Google Axes Green Padlock Sign from HTTPS Sites
Google in 2016 won the desktop browser war, toppling the erstwhile king Microsoft’s Internet Explorer and as of this writing, its minimalist Chrome browser commands over 60% of the desktop space. As it grew in market share, it is paired by the spread of Google’s influence in the web. The company pushed innovative technologies like spdy and initial support for the revolutionary TLS 1.3. The result is a safer and faster web for everyone that chooses Chrome over other competing browsers.
As far as web technologies go, Chrome needs no further introduction. Due to its overwhelming market share, Google can throw its weight with implementing policies that will not only affect Chrome, but also pressure other web browsers to follow.
Google’s Chrome Security product manager, Emily Schechter in an official Chromium blog announced a massive visual change of how Chrome navigates the web. She said: “Users should expect that the web is safe by default. Since we’ll soon start marking all HTTP pages as ‘not secure’, we’ll step towards removing Chrome’s positive security indicators so that the default unmarked state is secure. Chrome will roll this out over time, starting by removing the ‘Secure’ wording and HTTPS scheme in September 2018 (Chrome 69),”
The venerable padlock has been a staple that represents encryption on the web for ages. It has been adapted by virtually all web browsers since the dawn of the availability of SSL encryption of the 1990’s. It was given more prominence due to various browsers gave it a lick of green color, to improve its visibility at the onset of the improvements of screen resolutions.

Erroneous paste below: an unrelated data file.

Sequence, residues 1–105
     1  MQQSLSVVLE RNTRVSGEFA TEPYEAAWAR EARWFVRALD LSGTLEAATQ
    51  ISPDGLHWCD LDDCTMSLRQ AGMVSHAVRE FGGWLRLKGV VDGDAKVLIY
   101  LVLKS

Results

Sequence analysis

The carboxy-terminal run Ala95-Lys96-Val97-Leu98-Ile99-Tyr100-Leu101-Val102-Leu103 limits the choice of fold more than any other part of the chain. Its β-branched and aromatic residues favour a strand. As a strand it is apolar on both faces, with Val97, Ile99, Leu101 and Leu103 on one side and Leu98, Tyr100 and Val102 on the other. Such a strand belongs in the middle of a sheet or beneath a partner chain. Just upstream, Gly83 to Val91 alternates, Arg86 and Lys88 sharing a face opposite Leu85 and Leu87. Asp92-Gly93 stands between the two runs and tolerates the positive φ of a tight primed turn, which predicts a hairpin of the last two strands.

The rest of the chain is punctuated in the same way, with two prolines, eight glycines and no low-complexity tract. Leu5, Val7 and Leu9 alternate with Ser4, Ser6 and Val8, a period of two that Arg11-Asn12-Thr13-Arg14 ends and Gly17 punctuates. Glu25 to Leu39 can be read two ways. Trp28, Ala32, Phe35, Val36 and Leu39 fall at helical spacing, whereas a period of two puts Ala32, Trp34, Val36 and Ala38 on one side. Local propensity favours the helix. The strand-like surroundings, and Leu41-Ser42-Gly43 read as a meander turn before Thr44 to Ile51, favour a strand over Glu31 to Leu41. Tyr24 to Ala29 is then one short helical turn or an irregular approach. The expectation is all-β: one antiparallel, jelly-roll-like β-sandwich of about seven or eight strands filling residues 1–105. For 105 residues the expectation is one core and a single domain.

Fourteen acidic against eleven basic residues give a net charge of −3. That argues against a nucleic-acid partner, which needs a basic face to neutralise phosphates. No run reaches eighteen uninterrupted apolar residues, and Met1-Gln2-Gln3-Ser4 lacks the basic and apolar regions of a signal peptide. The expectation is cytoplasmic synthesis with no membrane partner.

Google expects encryption to be the norm in the web, while non-http pages will slowly but surely deprecated. Google Chrome will display a red mark for non-encrypted pages as “insecure” site, giving it visual prominence to alert the users.
Emily added: “Previously, HTTP usage was too high to mark all HTTP pages with a strong red warning, but in October 2018 (Chrome 70), we’ll start showing the red ‘not secure’ warning when users enter data on HTTP pages.”
This decision by the Chrome development team reverses the notion that the padlock is synonymous to security. Google wants to steer the web to the direction where the webpages it expects are encrypted by-default, with some few pages (tiny minority) in the Internet remaining as non-encrypted hence marked progressively as insecure.
Craig Stewart, VP for Europe and Asia of Venafi, a cyber security firm stressed: “Many organizations do not properly track which certificates they have applied where, and have thousands of certificates that they are unaware of. However, as we’ve already seen from the depreciation of SHA-1 certificates, organizations are typically slow to react to warnings of this kind and can often underestimate the task at hand.”
Craig concluded: “Just the task of discovering these and making sure they are upgraded to HTTPS will be a big task and, if done manually, there are likely to be gaps which cause disruption to customers and business processes. This is why businesses need to take control of their security and use automation to enable them to be agile in applying new changes such as switching from HTTP to HTTPS certificates.”